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Schreiter Lab / Publications
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2 Publications

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    08/13/19 | Bright and photostable chemigenetic indicators for extended in vivo voltage imaging.
    Abdelfattah AS, Kawashima T, Singh A, Novak O, Liu H, Shuai Y, Huang Y, Campagnola L, Seeman SC, Yu J, Zheng J, Grimm JB, Patel R, Friedrich J, Mensh BD, Paninski L, Macklin JJ, Murphy GJ, Podgorski K, Lin B, Chen T, Turner GC, Liu Z, Koyama M, Svoboda K, Ahrens MB, Lavis LD, Schreiter ER
    Science. 2019 Aug 13;365(6454):699-704. doi: 10.1126/science.aav6416

    Imaging changes in membrane potential using genetically encoded fluorescent voltage indicators (GEVIs) has great potential for monitoring neuronal activity with high spatial and temporal resolution. Brightness and photostability of fluorescent proteins and rhodopsins have limited the utility of existing GEVIs. We engineered a novel GEVI, "Voltron", that utilizes bright and photostable synthetic dyes instead of protein-based fluorophores, extending the combined duration of imaging and number of neurons imaged simultaneously by more than tenfold relative to existing GEVIs. We used Voltron for in vivo voltage imaging in mice, zebrafish, and fruit flies. In mouse cortex, Voltron allowed single-trial recording of spikes and subthreshold voltage signals from dozens of neurons simultaneously, over 15 min of continuous imaging. In larval zebrafish, Voltron enabled the precise correlation of spike timing with behavior.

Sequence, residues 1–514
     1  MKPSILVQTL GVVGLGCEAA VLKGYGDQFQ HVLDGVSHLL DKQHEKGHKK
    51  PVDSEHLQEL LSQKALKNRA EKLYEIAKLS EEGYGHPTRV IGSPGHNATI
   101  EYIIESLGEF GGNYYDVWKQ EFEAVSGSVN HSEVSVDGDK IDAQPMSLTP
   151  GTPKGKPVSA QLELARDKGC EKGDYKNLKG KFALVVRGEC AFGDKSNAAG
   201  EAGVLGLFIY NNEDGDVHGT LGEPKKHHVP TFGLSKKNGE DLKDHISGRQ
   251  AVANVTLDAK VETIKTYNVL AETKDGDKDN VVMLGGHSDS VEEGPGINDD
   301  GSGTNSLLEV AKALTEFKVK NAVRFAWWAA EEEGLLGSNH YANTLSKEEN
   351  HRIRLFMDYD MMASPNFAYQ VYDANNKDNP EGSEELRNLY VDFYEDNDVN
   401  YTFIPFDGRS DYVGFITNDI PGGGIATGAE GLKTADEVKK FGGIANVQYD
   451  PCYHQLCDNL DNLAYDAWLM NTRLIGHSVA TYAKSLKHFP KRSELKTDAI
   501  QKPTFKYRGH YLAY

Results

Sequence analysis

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    07/29/19 | Kilohertz frame-rate two-photon tomography.
    Kazemipour A, Novak O, Flickinger D, Marvin JS, Abdelfattah AS, King J, Borden P, Kim J, Al-Abdullatif S, Deal P, Miller E, Schreiter E, Druckmann S, Svoboda K, Looger L, Podgorski K
    Nature Methods. 2019 Jul 29;16(8):778-86. doi: 10.1101/357269

    Point-scanning two-photon microscopy enables high-resolution imaging within scattering specimens such as the mammalian brain, but sequential acquisition of voxels fundamentally limits imaging speed. We developed a two-photon imaging technique that scans lines of excitation across a focal plane at multiple angles and uses prior information to recover high-resolution images at over 1.4 billion voxels per second. Using a structural image as a prior for recording neural activity, we imaged visually-evoked and spontaneous glutamate release across hundreds of dendritic spines in mice at depths over 250 microns and frame-rates over 1 kHz. Dendritic glutamate transients in anaesthetized mice are synchronized within spatially-contiguous domains spanning tens of microns at frequencies ranging from 1-100 Hz. We demonstrate high-speed recording of acetylcholine and calcium sensors, 3D single-particle tracking, and imaging in densely-labeled cortex. Our method surpasses limits on the speed of raster-scanned imaging imposed by fluorescence lifetime.

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